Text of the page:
3 Interesting Ways To Size Someone Up
If you ever join my family on a weekend outing to the mall, or end up next to us in line at an amusement park, you might be surprised to hear how vigorously we judge the people around us. It’s true that hairstyles and fashion choices often attract our attention (we are human, after all), but if you listen closely you’ll notice that what we are actually paying attention to and discussing are people’s eyes, the expressions on their faces, and who they are with. In short, we are discussing how “safe” they are.
Ever since my boys were old enough to walk, we’ve been talking to them about the idea of safe strangers — people they could ask for help if they got lost. Women, and especially women with children, usually top the list of “most likely to be helpful” candidates. Fortunately, we’ve never had to put their skills to the test.
In spite of our culture’s negative views about judging people, it’s actually a useful and rather important skill for adults and children alike. Let’s be honest — it’s something we all do anyway, and the ability to size someone up helps us determine not just who we can trust, but who we might want to spend time with or work with.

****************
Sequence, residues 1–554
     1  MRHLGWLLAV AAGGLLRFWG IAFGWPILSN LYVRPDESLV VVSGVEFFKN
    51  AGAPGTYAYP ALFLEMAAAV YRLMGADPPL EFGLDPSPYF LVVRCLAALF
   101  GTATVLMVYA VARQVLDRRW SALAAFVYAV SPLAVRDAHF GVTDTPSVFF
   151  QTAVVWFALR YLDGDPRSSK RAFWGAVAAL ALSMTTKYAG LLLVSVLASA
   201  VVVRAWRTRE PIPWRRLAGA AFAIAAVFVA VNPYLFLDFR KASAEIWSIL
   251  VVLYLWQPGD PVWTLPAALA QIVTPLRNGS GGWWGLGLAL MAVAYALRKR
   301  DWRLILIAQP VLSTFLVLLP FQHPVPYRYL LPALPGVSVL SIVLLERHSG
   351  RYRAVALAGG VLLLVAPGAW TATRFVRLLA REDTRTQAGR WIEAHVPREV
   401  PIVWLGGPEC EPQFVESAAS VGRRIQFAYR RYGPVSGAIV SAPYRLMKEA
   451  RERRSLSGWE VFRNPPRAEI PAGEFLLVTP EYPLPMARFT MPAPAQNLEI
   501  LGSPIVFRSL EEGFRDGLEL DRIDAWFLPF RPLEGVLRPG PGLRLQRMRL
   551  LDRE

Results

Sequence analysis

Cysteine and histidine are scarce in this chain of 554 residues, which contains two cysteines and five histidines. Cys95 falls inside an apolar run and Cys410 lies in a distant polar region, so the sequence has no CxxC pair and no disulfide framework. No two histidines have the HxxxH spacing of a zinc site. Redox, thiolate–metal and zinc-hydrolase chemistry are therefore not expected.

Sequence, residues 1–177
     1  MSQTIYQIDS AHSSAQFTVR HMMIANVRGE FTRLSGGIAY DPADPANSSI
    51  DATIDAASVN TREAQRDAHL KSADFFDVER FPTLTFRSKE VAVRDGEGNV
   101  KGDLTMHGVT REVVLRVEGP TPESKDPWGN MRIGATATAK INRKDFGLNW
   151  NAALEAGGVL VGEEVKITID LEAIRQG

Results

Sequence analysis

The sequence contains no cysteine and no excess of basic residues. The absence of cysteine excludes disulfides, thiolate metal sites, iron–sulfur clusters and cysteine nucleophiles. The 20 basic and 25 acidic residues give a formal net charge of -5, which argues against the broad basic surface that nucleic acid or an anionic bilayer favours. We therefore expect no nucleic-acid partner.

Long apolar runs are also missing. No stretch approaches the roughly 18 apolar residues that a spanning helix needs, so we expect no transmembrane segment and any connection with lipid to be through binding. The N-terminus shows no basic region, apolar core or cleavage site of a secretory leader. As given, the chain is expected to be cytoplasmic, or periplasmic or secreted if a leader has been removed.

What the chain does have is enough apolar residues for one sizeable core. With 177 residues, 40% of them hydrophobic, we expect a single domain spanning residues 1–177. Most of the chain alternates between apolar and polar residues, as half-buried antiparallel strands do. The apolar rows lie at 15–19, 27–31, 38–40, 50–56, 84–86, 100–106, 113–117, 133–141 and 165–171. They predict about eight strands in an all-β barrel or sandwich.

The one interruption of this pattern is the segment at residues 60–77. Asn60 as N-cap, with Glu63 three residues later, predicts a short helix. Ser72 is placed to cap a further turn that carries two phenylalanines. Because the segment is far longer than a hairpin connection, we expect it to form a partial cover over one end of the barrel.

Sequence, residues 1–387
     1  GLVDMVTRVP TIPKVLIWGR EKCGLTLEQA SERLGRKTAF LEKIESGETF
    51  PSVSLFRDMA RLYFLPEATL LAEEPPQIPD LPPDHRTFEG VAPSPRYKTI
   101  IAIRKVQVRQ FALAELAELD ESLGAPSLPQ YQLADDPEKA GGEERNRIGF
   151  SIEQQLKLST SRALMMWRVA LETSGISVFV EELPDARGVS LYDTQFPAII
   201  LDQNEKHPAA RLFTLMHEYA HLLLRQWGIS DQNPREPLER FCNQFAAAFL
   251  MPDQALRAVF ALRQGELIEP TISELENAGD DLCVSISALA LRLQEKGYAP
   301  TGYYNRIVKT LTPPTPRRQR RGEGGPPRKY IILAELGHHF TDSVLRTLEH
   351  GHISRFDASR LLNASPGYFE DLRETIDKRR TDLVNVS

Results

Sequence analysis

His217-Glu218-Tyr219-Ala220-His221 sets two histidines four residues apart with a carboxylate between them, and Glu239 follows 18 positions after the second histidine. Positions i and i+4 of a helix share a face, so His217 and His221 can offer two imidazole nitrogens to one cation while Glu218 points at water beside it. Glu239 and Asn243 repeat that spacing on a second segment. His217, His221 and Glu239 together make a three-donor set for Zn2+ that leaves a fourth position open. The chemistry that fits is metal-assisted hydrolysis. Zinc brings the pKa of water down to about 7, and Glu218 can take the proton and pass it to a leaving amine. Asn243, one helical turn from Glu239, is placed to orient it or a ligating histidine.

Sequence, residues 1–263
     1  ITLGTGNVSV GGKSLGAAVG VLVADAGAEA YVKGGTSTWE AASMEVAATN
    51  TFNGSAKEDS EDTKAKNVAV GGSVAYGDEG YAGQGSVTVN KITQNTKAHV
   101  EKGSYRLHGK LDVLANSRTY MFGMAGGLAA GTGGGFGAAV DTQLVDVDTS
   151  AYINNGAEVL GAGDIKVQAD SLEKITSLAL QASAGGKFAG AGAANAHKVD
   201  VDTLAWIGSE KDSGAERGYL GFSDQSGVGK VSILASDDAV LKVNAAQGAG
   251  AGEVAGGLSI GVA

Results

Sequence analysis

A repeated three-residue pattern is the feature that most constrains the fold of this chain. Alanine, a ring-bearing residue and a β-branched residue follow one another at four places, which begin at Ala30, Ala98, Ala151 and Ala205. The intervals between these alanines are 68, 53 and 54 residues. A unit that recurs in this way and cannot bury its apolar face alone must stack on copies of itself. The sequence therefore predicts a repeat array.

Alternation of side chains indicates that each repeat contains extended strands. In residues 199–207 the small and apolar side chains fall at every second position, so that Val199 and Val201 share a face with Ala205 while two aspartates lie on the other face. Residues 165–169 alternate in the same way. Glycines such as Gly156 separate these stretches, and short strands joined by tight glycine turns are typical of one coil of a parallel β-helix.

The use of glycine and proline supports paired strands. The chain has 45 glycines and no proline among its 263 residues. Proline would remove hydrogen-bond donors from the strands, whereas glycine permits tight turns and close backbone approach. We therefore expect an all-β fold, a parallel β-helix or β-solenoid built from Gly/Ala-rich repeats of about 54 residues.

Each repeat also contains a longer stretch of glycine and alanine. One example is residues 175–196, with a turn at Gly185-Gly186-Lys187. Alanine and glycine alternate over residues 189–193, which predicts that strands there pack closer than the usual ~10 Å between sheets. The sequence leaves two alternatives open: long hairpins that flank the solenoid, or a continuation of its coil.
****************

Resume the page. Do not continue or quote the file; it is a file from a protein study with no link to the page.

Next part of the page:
Maya Angelou, one of the great people observers of our time, famously said “I’ve learned that you can tell a lot about a person by the way he/she handles these three things: a rainy day, lost luggage, and tangled Christmas tree lights.” I couldn’t agree with her more, especially about the tangled tree lights. I was thinking about this quote the other day as I stood in line at the store, watching a mother with a cranky toddler, and was inspired to add three additional ways to size someone up:
- How they manage a child throwing a temper tantrum.
- How they respond to receiving the wrong meal at a restaurant.
- How they react to finding a spider (or any other large bug) in the sink.
Show me how someone handles a situation where they have little control, an experience that does not meet their expectations, and an unexpected event tinged with fear, and I can tell you a lot about that person. Also, I’ve found that when these things happen in public, they provide great opportunities to talk to your kids (once you’re back in the car, of course) about how well or badly someone managed a situation, and how they themselves would want to respond if they are ever in that same situation.
How about you? What situations would you add to the list? Do you ever talk to your kids about them?